Podcast: U.S.-China Rivalry Roils Asia
Daniel Russel on China 21
ASPI Vice President of International Security and Diplomacy Daniel Russel joined Steph Haggard, Director of the Korea-Pacific Program at the School of Global Policy & Strategy, for an episode of China 21, a podcast of the 21st Century China Center at UC San Diego. Russel sheds light on the U.S.-China trade war, broader U.S.-China relations, the U.S.-Japan alliance, North Korea nuclear negotiations, among other topics of the day.
Russel begins by breaking down the trade war and its implications for the U.S.-China relationship. Russel asserts that China "is not a problem to be managed or corralled or squashed — it’s a country.” Russel argues that both sides need to look for common ground in order to tackle bilateral and transnational challenges. While "decoupling" has recently become a buzzword for characterizing the future of U.S.-China relations, Russel says “decoupl[ing] from the world’s largest trader, the world’s largest manufacturer, [would] inadvertently condition the Chinese to be unwilling to depend on the United States. And therefore, we are giving birth to the kind of full-on competitor that [the Trump administration] seems to be afraid of.”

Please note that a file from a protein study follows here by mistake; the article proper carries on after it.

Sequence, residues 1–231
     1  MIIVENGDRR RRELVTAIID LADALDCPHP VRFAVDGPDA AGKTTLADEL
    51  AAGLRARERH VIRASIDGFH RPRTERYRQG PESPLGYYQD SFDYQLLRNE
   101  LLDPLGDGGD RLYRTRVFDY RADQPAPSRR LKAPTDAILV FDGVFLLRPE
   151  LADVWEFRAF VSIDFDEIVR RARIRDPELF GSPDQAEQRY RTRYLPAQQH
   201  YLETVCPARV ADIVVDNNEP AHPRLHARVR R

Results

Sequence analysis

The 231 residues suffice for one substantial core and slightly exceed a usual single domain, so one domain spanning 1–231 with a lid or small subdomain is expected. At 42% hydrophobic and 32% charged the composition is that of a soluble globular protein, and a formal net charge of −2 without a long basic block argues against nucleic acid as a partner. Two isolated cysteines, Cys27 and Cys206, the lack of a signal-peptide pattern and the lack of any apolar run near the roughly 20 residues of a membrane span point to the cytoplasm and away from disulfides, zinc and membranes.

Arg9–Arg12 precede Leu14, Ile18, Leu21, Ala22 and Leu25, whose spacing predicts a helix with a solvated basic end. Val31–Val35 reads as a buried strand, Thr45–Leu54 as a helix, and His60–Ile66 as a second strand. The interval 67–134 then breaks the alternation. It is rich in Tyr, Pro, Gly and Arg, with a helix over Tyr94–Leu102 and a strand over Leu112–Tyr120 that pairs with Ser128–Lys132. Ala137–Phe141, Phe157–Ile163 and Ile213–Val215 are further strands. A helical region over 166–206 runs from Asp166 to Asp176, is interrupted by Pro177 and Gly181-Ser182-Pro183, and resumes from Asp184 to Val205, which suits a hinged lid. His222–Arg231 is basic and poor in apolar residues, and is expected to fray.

In the wake of President Donald Trump’s visit to Japan in late May, Russel describes Prime Minister Shinzo Abe’s approach to dealing with President Trump as “do whatever it takes,” because “for Japan, maintaining a strong U.S.-Japan relationship is not negotiable.” However, Russel states that these efforts have not afforded Japan immunity from being labeled a “free-rider” or the ability to “stay the President’s hand when it comes to steel or aluminum tariffs, or… auto parts and automobile tariffs.”
Russel also unpacks the Hanoi Summit and the North Korea challenge. He believes that pressing North Korea to eliminate its nuclear program is “an impossible, eternal mission,” because Kim believes that “denuclearization now means global zero.”
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